Wanted: Crime Psychic
Local, state and federal criminal justice officials gathered at City Hall last week to celebrate the 93 percent conviction rate of the Violent Offenders Unit in the Orleans Parish District Attorney's Office. Asked who could predict when violent crime would come down, all eyes turned to Police Chief Warren Riley, who said, 'To make a prediction, you'd probably need to talk to a psychic on that. But what we're going to do is to continue to reduce crime as much as we can." In 1996, former NOPD Chief Richard Pennington set the bar for violent-crime reduction when he accurately predicted he would cut the city's nation-leading homicide rate in half within three years. Murders dropped to 162 in 1999 and the city had more than 450,000 people then. In 2007, the city recorded 209 murders, with NOPD's preferred population estimate of 311,000. Domestic killings accounted for about 'eight or nine" of those murders, says Riley. Even before Katrina, the chief had been widely praised by domestic violence experts for launching police efforts to reduce spousal violence. " Johnson

Treatment Falling Short
Violent crimes get the headlines but they constitute a minority of cases at Criminal District Court. More than half the courts' dockets are filled with drug cases. Last week, experts at two nonprofit drug-treatment centers said there were 226 treatment beds available for the city's drug addicts, a population estimated at more than 10,000. Another 104 additional beds will be available within four months, says Kevin Gardere of Bridge House, but New Orleans will still be far short of the drug rehabilitation services it needs. 'If you really wanted to have a big impact, you need 1,000 treatment beds and enough outpatient treatment services for about 10,000 people" for a 'full continuum of care," says Ed Carlson, a spokesperson for Odyssey House. Greg Rusovich, chair of the New Orleans Crime Coalition, says the group is seeking federal funding for more drug rehab services. " Johnson

 

Hustling Delegates
The deadline to run for delegate to the Louisiana Republican Convention was last week, but few presidential contenders made a push to line up supporters. By all indications, that list was confined to U.S. Sen. John McCain of Arizona and former Massachusetts Gov. Mitt Romney. McCain did a meet-and-greet at the Camelot Club in Baton Rouge last month, where handlers were able to get a bit of in-person delegate work done. Romney's campaign launched a mass email drive this week that reached out to conservative voters to run as delegates. 'Would you have any interest?" writes Alan Philip, Romney's regional political director. 'If so, kindly send me a quick e-mail and I'll get you information about how to run to be delegate." The state GOP has created a convoluted process: Delegates to the state convention will elect national delegates, who will in turn cast nomination votes at the national convention. But, unless one GOP candidate garners 50 percent of Louisiana's vote in February, the delegates will not be committed to any particular candidate. " Alford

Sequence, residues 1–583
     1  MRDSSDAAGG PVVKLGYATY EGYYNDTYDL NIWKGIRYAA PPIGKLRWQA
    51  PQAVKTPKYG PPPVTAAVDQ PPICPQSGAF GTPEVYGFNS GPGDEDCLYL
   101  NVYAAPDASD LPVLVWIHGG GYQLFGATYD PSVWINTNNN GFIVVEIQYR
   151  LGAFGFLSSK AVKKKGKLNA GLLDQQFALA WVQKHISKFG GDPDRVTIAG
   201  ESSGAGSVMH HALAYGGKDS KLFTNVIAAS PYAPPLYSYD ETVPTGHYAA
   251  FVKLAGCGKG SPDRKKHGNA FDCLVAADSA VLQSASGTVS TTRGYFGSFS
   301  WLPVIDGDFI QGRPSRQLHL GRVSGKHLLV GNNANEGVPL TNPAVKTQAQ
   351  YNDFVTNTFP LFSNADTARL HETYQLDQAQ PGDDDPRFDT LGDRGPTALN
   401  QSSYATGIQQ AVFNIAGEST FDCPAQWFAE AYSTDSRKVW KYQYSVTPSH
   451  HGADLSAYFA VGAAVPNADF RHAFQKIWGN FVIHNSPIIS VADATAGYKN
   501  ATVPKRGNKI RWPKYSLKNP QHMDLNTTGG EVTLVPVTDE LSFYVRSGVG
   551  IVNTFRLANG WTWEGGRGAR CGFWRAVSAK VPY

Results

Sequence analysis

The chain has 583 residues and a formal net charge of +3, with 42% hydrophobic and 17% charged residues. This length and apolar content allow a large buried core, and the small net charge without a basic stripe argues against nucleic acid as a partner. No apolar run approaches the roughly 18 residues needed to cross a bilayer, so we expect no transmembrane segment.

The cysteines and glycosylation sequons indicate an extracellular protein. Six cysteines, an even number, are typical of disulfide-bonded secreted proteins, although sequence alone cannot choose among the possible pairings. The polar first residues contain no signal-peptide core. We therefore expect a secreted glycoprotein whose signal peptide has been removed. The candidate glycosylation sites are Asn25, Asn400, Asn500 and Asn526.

History of Missing Out
In recent presidential election cycles, Louisiana primaries have fallen in March, when the national nominees for both parties were no longer in doubt. In the March 9, 2004, primary, Louisiana Democrats gave 70 percent of their vote to the eventual nominee, U.S. Sen. John Kerry. Sen. John Edwards won 17 percent; Howard Dean, 5 percent; Wesley Clark, 4 percent; Bill McGaughey, 2 percent; and Lyndon Larouche Jr. , 1 percent. GOP voters cast 96 percent of their ballots to re-elect President George W. Bush; Bill Wyatt got the remaining 4 percent. Edwards launched his 2008 presidential campaign in the flood-damaged Lower Ninth Ward. He is now running third behind Sens. Barack Obama and Hillary Clinton going into the Michigan primary on Tuesday (Jan. 15). In the March 14, 2000, Louisiana presidential primary, 73 percent of the state's Democratic vote went to then-Vice President Al Gore, the eventual nominee; Sen. Bill Bradley got 20 percent; Lyndon LaRouche Jr. , 4 percent; and Randy Crow, 3 percent. Among GOP voters, 84 percent cast ballots for George W. Bush. Sen. John McCain took second place with 9 percent; Alan Keyes got 6 percent; Steve Forbes and Gary Bauer each received 1 percent. " Johnson Morial Checks Could Pay Court Fees U.S. District Judge Mary Ann Vial Lemmon's sentence of three years probation for Jacques Morial includes six months of home detention and $225 in court fees " $75 each for each of his three admitted tax violations. Morial could pay those fees easily by filing a claim for at least $355 in individual insurance policy benefits, bank dividends, interest bonds, and other 'unclaimed property" held in his name by the Louisiana Department of Treasury, according to the state Web site. One of the checks dates to 1986, when Morial was active as an investment bond counselor. Morial's unclaimed property was publicized long before he pleaded guilty Sept. 25 to failure to file federal income taxes for three years. The day after his sentencing late last week, the outstanding checks for the Democratic political strategist remained in the custody of state Treasurer John Kennedy, a Republican, according to a spokesperson for the office. At his sentencing, Morial admitted to a lifetime of 'procrastination." " Johnson